The Dom Pedro Aquamarine is regarded as the largest aquamarine cut and polished gem because of its incredible size.

The Dom Pedro Aquamarine, which was shown during the Basel annual gem fair in 1993, became a traveling ambassador for the German government and a visible representation of German workmanship and creativity.

Although the Dom Pedro Aquamarine was offered to the Smithsonian in the late 1990s for $7 Million to $10 Million, it is impossible to put a figure on the gem because of its size and color.

Bernd Munsteiner
Munsteiner, known as "The Picasso of Gems" and the "Father of the Fantasy Cut," is regarded as one of the best gem artists of the 20th century.

He combines time-honored methods with vivid modern ones to create diamond carvings. Munsteiner's profession—a jeweler by trade—is the outward manifestation of a familial tradition of artistic activity.

He started working for his family's business as an apprentice when he was 14 years old, and after graduating as a producer of precious stones and jewelry, he went on to become a teacher at the School of Design in Pforzheim, Germany.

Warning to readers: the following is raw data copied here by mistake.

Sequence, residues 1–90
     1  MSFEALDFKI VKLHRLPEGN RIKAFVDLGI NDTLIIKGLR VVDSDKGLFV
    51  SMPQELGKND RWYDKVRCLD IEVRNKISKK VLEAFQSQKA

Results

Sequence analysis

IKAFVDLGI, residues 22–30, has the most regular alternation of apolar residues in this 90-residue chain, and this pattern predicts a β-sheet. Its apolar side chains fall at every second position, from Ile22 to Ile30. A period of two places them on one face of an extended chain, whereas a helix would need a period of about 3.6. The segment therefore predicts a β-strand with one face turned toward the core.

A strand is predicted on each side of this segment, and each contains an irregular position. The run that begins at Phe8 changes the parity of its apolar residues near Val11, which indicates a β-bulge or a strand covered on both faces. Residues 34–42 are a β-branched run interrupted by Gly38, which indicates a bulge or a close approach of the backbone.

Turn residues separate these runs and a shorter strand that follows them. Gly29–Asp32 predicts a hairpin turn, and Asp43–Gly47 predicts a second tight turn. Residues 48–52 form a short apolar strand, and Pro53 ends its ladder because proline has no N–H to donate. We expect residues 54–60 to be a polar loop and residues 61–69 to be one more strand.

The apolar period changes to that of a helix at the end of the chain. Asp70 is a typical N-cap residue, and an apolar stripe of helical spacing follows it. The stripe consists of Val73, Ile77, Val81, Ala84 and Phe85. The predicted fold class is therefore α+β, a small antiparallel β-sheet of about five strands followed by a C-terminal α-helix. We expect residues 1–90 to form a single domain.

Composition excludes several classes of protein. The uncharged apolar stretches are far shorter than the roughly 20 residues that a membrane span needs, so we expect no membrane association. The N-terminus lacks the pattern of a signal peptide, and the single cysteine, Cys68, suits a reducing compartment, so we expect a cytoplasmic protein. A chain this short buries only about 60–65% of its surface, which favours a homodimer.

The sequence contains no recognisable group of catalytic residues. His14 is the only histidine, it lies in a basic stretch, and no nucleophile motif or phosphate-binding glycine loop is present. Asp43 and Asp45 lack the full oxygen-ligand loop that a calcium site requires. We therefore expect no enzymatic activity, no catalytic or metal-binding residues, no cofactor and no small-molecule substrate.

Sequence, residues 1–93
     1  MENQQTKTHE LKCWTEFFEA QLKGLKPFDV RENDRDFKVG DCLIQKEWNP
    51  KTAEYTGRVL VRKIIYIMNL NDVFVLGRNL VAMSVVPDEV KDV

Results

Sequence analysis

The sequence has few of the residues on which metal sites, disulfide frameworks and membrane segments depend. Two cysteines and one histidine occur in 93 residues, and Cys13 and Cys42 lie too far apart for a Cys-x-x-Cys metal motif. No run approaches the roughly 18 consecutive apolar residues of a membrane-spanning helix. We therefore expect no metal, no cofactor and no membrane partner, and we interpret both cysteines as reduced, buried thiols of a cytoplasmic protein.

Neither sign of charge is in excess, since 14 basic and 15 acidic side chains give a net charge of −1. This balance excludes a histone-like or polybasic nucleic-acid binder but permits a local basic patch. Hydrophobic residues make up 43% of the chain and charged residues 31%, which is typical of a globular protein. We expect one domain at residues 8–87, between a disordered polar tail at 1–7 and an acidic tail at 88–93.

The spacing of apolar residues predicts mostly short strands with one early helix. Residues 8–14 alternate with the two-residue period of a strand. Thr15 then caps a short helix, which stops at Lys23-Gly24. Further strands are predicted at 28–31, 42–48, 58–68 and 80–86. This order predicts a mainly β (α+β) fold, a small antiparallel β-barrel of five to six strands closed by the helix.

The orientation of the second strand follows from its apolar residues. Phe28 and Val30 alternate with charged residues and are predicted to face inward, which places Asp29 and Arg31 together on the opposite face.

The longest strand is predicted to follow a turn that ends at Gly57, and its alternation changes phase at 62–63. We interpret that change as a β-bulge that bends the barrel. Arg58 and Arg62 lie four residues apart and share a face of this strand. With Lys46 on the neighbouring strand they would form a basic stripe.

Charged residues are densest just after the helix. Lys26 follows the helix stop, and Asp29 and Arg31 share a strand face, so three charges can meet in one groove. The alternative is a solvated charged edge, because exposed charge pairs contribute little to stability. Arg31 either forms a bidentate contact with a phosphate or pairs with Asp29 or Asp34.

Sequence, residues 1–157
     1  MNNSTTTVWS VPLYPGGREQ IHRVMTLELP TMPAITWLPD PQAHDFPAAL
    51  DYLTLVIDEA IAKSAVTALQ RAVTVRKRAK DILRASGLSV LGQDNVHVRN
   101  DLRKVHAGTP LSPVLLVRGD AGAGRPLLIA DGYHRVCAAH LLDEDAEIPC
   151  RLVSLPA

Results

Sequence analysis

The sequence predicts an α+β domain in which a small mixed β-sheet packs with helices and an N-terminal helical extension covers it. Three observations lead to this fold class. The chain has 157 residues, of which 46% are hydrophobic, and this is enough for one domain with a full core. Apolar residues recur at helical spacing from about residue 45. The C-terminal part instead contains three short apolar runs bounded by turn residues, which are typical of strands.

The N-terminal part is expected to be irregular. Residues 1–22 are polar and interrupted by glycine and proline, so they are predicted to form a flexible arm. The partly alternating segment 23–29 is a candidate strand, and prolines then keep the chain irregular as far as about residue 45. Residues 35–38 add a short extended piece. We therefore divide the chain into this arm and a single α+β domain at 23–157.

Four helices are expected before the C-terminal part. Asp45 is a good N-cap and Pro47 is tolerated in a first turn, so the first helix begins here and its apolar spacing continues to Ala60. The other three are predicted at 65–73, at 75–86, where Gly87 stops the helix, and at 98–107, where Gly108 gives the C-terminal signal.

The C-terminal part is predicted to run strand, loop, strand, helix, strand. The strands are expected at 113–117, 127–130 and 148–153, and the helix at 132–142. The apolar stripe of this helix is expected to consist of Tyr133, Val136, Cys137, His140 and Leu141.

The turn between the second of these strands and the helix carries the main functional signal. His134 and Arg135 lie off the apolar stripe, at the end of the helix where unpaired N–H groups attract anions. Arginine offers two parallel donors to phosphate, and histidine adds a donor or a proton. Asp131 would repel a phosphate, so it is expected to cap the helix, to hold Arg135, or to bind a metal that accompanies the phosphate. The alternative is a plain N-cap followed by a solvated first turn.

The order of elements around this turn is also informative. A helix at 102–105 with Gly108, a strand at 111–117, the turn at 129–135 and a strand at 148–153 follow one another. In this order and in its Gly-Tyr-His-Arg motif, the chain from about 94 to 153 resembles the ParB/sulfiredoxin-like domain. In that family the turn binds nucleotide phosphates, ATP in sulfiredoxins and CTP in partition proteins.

Munsteiner first had the opportunity to reimagine the classic cameo while still in college. Since then, he has pushed boundaries and challenged accepted practices.

The Dom Pedro Aquamarine is an example of his innovative faceting technique known as "Fantasy Cuts," which has impacted the modernization of the growth of gem art.

A Challenge
He was "fascinated and impressed" by the Dom Pedro Aquamarine, which posed a challenge as well as a once-in-a-lifetime marketing opportunity.

The light within the Dom Pedro Aquamarine is represented by a model of tapered "adverse splits" facing the sea-blue obelisk's opposite sides, giving the artwork a stunning brilliance and brightness.

With the right lighting, this impressive artwork appears to be illuminated from the inside.

Munsteiner researched the crystal for four months while creating hundreds of sketches. He gave his creation the name Ondas Maritimas ("Waves of the Sea") as a concept began to take shape in his head.

He drew dozens of "negative facets," or grooves, at various angles to capture the prevailing light.

It took around six months to transform the stone into a finished sculpture. At last, he picked up a diamond-coated cutting wheel, according to Smithsonian Magazine.